sábado, 8 de agosto de 2015

Cessation Outcomes Among Quitline Callers in Three States During a National Tobacco Education Campaign

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Cessation Outcomes Among Quitline Callers in Three States During a National Tobacco Education Campaign

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Cessation Outcomes Among Quitline Callers in Three States During a National Tobacco Education Campaign

Katrina A. Vickerman, PhD; Lei Zhang, PhD; Ann Malarcher, PhD; Paul Mowery, MA; Chelsea Nash

Suggested citation for this article: Vickerman KA, Zhang L, Malarcher A, Mowery P, Nash C. Cessation Outcomes Among Quitline Callers in Three States During a National Tobacco Education Campaign. Prev Chronic Dis 2015;12:150024. DOI: http://dx.doi.org/10.5888/pcd12.150024.


Antismoking mass media campaigns, such as the Centers for Disease Control and Prevention’s Tips from Former Smokers (Tips) campaign, increase the number of tobacco users calling tobacco quitlines. Few studies have investigated long-term tobacco use cessation for callers during antismoking media campaigns. Studies have suggested that callers during campaigns may be less committed to quitting and have lower quit rates. This study examines tobacco user cessation outcomes 7 months after quitline enrollment during the 2012 Tips campaign (March 19 through June 10, 2012).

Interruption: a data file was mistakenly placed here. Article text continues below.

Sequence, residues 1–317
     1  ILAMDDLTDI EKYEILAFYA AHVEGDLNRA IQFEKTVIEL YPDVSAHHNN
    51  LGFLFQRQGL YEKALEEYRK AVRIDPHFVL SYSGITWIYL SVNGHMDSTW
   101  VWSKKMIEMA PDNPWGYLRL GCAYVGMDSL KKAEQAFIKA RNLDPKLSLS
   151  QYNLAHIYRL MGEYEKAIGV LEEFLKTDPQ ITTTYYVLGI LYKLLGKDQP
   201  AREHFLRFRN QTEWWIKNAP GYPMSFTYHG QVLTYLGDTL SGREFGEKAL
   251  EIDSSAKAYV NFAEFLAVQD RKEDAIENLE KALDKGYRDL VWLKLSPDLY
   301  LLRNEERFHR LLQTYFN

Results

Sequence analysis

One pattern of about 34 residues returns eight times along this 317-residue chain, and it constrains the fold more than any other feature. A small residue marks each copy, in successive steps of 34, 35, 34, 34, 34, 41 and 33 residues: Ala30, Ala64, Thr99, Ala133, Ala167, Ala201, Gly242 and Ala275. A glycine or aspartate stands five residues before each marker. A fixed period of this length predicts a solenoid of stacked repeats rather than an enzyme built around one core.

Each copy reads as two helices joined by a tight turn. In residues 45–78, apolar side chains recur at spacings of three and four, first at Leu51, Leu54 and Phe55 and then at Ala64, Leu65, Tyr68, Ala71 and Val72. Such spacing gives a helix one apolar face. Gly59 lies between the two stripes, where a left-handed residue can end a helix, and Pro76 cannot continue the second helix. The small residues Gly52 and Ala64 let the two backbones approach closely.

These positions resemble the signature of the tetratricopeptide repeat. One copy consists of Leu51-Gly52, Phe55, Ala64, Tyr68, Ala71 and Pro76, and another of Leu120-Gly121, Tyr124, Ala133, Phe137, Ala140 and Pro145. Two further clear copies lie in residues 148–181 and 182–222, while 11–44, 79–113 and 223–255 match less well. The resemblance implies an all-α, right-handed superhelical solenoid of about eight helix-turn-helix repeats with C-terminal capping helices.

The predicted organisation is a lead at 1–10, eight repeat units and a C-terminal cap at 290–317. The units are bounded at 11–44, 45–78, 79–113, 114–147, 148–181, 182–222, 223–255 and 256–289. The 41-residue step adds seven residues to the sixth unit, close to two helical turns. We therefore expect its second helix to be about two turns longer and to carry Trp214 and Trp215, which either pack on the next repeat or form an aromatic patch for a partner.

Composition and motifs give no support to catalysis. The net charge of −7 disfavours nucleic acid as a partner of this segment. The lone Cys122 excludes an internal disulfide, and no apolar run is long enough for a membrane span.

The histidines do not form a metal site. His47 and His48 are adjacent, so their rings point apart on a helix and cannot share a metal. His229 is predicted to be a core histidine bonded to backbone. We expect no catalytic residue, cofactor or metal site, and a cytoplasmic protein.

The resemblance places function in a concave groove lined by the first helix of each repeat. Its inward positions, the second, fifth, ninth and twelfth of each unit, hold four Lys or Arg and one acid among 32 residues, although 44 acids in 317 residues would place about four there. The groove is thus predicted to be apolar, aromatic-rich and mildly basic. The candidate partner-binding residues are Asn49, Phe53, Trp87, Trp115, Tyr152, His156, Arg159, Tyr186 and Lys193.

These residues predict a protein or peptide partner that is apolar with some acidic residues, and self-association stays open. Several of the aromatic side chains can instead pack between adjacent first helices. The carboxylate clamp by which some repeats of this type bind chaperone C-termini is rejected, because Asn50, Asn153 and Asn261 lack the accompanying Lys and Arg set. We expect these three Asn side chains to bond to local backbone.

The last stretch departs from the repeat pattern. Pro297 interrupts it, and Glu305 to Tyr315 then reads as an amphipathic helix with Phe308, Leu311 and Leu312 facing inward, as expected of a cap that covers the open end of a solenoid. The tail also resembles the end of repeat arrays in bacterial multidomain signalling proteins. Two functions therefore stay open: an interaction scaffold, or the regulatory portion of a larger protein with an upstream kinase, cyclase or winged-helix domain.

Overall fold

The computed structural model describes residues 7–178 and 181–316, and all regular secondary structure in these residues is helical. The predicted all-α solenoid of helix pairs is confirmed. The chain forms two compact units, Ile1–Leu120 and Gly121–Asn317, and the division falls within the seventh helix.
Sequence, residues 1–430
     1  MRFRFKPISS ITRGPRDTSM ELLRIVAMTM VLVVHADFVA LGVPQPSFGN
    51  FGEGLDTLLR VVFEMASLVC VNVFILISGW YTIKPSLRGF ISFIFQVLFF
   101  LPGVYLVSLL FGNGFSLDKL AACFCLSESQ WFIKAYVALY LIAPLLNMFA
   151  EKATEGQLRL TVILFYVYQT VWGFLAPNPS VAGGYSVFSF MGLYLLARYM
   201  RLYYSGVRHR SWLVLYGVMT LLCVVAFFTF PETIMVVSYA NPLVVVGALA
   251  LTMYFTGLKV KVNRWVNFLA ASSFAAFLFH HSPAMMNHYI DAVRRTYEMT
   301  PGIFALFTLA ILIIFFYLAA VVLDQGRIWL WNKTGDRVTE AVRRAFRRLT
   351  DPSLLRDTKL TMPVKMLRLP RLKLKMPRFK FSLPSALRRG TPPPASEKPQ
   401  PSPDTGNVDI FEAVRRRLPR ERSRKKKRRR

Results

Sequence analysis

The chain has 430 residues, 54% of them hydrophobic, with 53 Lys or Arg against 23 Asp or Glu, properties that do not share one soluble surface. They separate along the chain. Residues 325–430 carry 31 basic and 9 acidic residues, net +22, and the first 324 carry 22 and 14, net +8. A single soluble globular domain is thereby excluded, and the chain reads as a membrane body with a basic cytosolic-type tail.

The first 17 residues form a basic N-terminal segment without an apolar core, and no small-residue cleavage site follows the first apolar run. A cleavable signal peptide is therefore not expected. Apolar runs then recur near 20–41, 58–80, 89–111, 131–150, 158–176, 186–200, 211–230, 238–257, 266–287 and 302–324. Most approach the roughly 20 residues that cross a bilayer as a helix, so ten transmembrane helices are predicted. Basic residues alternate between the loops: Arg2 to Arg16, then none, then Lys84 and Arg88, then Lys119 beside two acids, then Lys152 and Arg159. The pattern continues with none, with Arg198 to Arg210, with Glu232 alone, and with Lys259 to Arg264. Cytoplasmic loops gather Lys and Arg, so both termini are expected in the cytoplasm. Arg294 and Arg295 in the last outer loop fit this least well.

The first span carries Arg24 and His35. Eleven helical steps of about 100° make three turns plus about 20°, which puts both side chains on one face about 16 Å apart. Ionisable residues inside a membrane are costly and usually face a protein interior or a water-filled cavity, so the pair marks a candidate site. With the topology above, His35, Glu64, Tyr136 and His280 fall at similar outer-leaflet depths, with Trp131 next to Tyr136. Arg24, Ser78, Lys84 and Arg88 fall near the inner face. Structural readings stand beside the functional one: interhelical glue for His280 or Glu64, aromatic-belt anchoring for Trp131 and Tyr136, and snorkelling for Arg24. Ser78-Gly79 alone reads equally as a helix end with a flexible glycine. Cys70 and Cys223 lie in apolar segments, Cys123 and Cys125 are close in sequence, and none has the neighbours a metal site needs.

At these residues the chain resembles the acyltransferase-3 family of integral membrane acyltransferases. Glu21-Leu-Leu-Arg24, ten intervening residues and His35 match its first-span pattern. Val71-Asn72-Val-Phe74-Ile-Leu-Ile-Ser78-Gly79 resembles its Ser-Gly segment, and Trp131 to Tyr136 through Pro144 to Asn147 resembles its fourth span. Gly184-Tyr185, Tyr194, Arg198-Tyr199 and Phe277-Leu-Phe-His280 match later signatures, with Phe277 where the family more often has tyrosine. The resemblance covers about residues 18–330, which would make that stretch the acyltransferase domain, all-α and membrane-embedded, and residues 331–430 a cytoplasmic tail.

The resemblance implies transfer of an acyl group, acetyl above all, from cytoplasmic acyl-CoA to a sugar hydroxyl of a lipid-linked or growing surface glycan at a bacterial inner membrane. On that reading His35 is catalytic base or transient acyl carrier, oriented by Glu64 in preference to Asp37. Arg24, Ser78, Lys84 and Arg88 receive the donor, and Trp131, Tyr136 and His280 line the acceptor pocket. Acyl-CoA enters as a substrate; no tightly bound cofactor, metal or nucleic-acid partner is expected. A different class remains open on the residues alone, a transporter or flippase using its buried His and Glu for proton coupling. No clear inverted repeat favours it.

We analyzed data for 715 tobacco users who enrolled in the Nebraska, North Carolina, or Texas state quitline multiple-call programs during the 2012 Tips campaign and responded to a 7-month postenrollment survey (38.5% survey response rate). We used multivariable logistic regression analyses to determine whether 7-day and 30-day point prevalence abstinence rates 7 months after enrollment were related to level of exposure to the campaign.
In multivariable models, only lower nicotine dependence and higher call completion were associated with higher odds of 7-day and 30-day abstinence 7 months after enrollment. Tips campaign exposure was not associated with abstinence.
Once enrolled in quitline counseling, quitline callers achieved similar outcomes regardless of Tips campaign exposure levels. While the campaign did not appear to directly affect odds of tobacco abstinence through quitlines, antismoking mass media campaigns such as Tips are valuable in increasing tobacco users’ exposure to quitlines and thus increasing their likelihood of making a quit attempt and eventually achieving tobacco abstinence.


The findings and conclusions in this report are those of the authors and do not necessarily represent the official position of the Centers for Disease Control and Prevention. This research was funded by the Centers for Disease Control and Prevention. The Nebraska, North Carolina, and Texas state quitlines funded the collection of the 7-month survey data analyzed in this study as part of their quitline program evaluation plan. The authors thank Tim McAfee, MD, and Susan Zbikowski, PhD, for their review and feedback on this manuscript and for input on the study design. The authors also thank Audrey Snow and Oliver Lundt for their help extracting data for this project. We also acknowledge the 3 state quitlines that participated in the study.

Author Information

Corresponding Author: Katrina A. Vickerman, Research, Training and Evaluation Services, Alere Wellbeing, 999 Third Ave, Ste 2000, Seattle, WA 98104. Telephone: 206-876-2363. Email:Katrina.Vickerman@alere.com.
Author Affiliations: Lei Zhang, Ann Malarcher, Office on Smoking and Health, Centers for Disease Control and Prevention, Atlanta, Georgia; Paul Mowery, Biostatistics, Inc, Atlanta, Georgia; Chelsea Nash, Alere Wellbeing, Seattle, Washington.


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